Yeah. This is not a quote from someone who just stumbled into success. And here's the grim fact it suggests: my beautiful little summary up there probably isn't going to lead to any sort of guaranteed success. What it does offer us is a more complete understanding of what works, and a guide to some of the pitfalls in which hypercomic artists--and artists in general, perhaps--can become, well, stuck.
I am, in essence, some ancient eldritch chucklefuck, plotting out points of interest in the great, unfathomable void that is hypercomics theory. If you want to actually use this map for something, you are probably going to have to actively start breaking things.
I don't know if this is going to be an outlier, a chance manifestation in the void. It could be. This could be the first and last great success of Hypercomics for a few decades, even. Not everyone gets to God Tier, after all.4 But I'm hoping that someone out there is reading this and realizing that the great idea they had for a storytelling format can be enhanced by an actual story, that they can relax their authorial grip and promote experimentation, and that their technology doesn't have to be a sarcophagus--it can be one of many employable ways of telling a story.
This might just be a flash in the pan.
But I'm going to fondly regard it as the miracle of a new beginning.
Interested in Hypercomics? My aforementioned partner Ian McDevitt and I are slowly alpha testing our very own interactive metahypercomic: Understanding Hypercomics. Feel free to check it out, although be forewarned: it's pretty rough. We could definitely use the feedback though. And I swear, this time I won't spend an entire month writing the next article! You can follow me on Google+ at gplus.to/SamKeeper or on Twitter @SamFateKeeper. As always, you can e-mail me at KeeperofManyNames@gmail.com. If you liked this piece please share it on Facebook, Google+, Twitter, Reddit, Equestria Daily, Xanga, MySpace, or whathaveyou, and leave some thoughts in the comments below.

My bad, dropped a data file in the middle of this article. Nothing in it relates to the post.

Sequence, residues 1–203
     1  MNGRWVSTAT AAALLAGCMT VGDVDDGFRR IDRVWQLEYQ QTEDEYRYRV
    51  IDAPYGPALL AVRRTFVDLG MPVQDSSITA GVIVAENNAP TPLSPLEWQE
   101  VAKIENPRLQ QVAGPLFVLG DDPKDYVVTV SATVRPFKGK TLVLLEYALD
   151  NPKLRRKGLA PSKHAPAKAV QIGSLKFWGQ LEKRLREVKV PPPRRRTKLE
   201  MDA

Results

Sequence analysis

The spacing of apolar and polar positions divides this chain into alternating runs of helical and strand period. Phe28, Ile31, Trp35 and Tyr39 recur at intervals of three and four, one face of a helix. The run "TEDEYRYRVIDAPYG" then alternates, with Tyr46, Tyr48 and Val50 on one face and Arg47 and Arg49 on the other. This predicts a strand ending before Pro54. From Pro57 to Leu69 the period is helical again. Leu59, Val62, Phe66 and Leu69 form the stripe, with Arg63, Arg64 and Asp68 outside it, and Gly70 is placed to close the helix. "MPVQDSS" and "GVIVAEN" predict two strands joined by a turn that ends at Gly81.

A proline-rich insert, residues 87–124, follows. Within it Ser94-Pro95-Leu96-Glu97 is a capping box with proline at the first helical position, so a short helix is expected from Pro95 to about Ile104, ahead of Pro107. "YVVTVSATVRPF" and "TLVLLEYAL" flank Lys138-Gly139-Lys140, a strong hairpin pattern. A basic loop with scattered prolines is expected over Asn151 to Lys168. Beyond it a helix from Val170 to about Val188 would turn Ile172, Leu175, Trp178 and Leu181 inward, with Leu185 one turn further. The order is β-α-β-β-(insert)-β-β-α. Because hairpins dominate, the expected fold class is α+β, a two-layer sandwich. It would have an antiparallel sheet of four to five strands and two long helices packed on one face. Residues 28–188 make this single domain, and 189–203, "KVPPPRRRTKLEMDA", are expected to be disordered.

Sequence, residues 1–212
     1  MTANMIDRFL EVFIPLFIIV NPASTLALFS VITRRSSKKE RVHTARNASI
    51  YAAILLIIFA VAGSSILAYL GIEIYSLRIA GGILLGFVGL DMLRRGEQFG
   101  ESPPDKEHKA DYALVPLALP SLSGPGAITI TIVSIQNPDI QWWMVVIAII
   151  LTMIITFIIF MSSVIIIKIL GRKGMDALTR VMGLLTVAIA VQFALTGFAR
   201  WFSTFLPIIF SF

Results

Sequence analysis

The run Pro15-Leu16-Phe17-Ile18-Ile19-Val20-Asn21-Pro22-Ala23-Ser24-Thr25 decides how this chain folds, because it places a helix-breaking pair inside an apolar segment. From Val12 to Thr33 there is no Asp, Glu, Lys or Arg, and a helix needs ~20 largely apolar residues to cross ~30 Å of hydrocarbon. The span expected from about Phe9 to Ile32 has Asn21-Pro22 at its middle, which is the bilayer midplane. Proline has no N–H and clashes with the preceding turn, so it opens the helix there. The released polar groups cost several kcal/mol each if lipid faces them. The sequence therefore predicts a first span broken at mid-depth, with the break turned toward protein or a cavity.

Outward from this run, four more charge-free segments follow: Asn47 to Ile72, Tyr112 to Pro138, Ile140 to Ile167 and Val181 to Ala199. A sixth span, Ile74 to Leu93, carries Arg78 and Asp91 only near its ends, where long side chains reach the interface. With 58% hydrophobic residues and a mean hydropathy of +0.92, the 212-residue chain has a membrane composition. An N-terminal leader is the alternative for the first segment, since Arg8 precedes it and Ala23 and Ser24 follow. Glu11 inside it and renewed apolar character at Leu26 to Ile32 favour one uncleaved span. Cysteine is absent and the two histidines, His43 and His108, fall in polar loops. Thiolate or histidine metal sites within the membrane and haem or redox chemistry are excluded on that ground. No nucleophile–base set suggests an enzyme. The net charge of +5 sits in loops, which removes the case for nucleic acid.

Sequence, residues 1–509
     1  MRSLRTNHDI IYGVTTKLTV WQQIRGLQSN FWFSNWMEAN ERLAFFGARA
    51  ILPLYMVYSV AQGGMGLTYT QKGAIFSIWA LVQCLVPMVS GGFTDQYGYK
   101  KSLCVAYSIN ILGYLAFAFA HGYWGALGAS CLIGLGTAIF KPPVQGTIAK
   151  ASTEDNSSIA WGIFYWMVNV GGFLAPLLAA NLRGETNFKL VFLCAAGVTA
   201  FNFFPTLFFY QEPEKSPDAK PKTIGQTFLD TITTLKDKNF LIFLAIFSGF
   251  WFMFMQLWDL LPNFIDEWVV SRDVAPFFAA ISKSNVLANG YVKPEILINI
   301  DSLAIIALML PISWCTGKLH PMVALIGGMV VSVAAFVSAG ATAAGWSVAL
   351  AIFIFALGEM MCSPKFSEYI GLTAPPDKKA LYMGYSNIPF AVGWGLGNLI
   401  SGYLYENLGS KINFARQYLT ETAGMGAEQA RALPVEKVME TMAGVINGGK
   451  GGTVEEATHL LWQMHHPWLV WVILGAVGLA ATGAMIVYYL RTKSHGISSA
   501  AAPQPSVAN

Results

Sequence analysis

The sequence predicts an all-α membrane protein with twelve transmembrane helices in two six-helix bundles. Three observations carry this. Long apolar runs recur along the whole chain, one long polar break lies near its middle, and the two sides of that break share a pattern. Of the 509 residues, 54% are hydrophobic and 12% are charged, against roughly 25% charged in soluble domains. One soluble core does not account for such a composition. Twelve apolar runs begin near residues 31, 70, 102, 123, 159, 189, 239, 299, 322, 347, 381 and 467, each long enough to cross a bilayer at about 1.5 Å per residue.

1. There's a secret fourth type of hypercomic that makes use of a unique property of the web and of George Lucas films. I keep going back and forth over whether or not Homestuck uses this technique.
Those are your hints. Good luck!
2. If you're following along, this is the ANIMIST space on your SCOTT MCCLOUD CONCEPTUAL BINGO SHEET. Most of the experimenters were hardcore formalists, and while that's very important, it ultimately misses what makes art widely resonant rather than appealing to a set group of specialists.
3. Yes, Kankri, there is something problematic about using the literal color white to represent any and all races, but on the other hand, Hussie has laid the proverbial smackdown on people criticizing cosplayers who happen to be the "wrong race," and he went out of his way to emphasize the idea that the characters are whatever the reader wants them to be. I leave it to you, dear reader, to decide whether the clock is falling on the Just or Heroic side in this debate.
4. The tiger is just too fast.